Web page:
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Forcing sleep position
#1
Forcing sleep position
Hi folks

Sorry -- this is not really a CPCP/apnea issue at all; but I suspect that some folks here are dealing with similar problems.

I've recently discovered that my poor oxygen saturation has more to do with a right-to-left intracardiac shunt, than it has with sleep apnea. In order for my oxygen saturation to stay over 90%, I must sleep entirely on my right-hand side. That's just the effect of gravity -- I have to discourage right-to-left blood flow through the defect in my heart. I'm considering having the defect surgically closed, but that's another story.

When I say that I have to sleep on my right-hand side, I mean that my shoulder blades have to be perpendicular to the bed. Even a slight lean towards sleeping on my back is problematic.

The only way I can think of the force myself to sleep in the "proper" position is to somehow attach my left wrist to the bed frame, so I can't roll away at all.

Surely there's a better way? I can prevent myself sleeping on my back, but I need to prevent myself sleeping anywhere near on my back.

Suggestions welcome.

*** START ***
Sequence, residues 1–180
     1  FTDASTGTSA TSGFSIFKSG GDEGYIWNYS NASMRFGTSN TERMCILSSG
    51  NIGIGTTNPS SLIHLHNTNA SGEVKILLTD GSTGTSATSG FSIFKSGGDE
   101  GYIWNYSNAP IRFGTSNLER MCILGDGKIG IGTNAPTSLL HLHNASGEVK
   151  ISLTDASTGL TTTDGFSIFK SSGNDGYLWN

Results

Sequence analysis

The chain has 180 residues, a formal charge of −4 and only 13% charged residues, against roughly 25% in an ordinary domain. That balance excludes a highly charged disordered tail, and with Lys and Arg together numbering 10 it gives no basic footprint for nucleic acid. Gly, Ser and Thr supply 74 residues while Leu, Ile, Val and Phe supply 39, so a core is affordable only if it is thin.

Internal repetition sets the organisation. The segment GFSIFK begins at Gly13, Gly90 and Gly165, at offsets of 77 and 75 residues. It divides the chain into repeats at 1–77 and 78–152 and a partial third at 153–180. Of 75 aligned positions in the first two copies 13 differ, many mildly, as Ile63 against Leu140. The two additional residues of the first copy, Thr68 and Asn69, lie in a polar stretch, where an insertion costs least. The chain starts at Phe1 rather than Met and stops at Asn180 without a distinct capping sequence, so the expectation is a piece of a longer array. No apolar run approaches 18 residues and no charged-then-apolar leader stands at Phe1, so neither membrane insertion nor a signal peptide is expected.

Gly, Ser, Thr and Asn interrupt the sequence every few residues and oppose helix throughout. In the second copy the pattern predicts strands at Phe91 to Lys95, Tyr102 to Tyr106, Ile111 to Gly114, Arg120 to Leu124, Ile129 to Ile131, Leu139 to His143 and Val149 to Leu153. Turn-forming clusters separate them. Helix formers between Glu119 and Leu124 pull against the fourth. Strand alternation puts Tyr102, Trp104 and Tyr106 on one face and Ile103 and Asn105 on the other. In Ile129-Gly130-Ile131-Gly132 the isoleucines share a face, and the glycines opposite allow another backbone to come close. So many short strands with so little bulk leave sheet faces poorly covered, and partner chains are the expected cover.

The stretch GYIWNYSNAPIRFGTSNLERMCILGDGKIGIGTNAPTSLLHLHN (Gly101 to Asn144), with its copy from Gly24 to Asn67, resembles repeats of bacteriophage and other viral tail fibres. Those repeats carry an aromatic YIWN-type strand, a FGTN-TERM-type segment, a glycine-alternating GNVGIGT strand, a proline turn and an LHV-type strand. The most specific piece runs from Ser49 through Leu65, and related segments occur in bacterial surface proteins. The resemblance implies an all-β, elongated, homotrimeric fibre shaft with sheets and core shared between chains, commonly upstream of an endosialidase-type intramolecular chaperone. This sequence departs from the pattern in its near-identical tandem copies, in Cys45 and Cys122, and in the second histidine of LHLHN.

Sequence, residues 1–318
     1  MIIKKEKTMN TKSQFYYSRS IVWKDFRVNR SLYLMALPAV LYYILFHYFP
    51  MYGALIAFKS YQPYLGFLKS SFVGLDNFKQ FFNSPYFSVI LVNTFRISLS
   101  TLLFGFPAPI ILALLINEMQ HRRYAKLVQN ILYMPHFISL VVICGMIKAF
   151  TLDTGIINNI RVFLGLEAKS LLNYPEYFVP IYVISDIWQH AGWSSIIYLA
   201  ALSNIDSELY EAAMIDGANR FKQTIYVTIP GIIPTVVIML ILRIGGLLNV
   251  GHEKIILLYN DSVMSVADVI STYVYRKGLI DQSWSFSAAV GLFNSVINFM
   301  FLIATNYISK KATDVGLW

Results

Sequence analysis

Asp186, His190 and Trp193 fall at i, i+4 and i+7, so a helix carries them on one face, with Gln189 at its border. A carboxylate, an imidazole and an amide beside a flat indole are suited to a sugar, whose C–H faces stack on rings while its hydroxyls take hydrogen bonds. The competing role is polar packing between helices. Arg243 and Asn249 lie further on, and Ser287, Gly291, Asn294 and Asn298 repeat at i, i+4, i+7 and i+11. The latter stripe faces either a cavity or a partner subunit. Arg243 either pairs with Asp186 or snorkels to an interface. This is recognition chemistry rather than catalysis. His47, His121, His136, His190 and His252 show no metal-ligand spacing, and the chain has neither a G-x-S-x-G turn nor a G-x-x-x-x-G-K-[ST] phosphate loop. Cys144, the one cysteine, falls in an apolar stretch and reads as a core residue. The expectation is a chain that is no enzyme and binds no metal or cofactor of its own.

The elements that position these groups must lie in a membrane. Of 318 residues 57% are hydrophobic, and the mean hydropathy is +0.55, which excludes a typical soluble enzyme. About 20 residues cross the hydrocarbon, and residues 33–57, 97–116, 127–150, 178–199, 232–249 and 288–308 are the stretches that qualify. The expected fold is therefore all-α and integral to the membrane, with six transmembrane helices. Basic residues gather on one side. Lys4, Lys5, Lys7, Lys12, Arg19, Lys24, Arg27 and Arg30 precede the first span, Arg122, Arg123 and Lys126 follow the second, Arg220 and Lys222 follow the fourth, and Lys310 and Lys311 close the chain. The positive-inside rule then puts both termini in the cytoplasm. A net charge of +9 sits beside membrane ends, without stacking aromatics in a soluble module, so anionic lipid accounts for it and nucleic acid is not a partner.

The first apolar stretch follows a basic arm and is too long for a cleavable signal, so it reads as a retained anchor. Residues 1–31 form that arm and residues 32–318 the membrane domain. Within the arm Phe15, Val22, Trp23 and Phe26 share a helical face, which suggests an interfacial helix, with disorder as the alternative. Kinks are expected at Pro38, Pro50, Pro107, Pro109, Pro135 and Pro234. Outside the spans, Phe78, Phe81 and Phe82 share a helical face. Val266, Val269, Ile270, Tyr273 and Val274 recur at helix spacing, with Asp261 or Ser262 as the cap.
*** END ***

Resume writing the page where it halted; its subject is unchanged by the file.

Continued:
Best wishes, DS
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#2
RE: Forcing sleep position
This post has a link to what worked for me. The light canvas item was apparently a surveyor's vest. I was blessed to find it in a random visit to a thrift store when looking for a heavy denim cowboy jacket to convert into such a vest. 

One caveat, there was sufficient slack for me to roll toward and get within about 30 degrees of supine. 
Slack came from by my girth a bit less than that of the vest and the surveyors' pocket being a bit larger than my boxes. Both could have been tightened but wasn't necessary.

I never rolled over in sleep with that block on. Eventually--for similarly motivated readers of your thread--I shed that block arrangement after reluctantly discovering that I could tolerate a 4 inch cervical collar I had acquired but, fussily, had not used. No need for the block, I sleep supine some, AHI and FL remain low as before.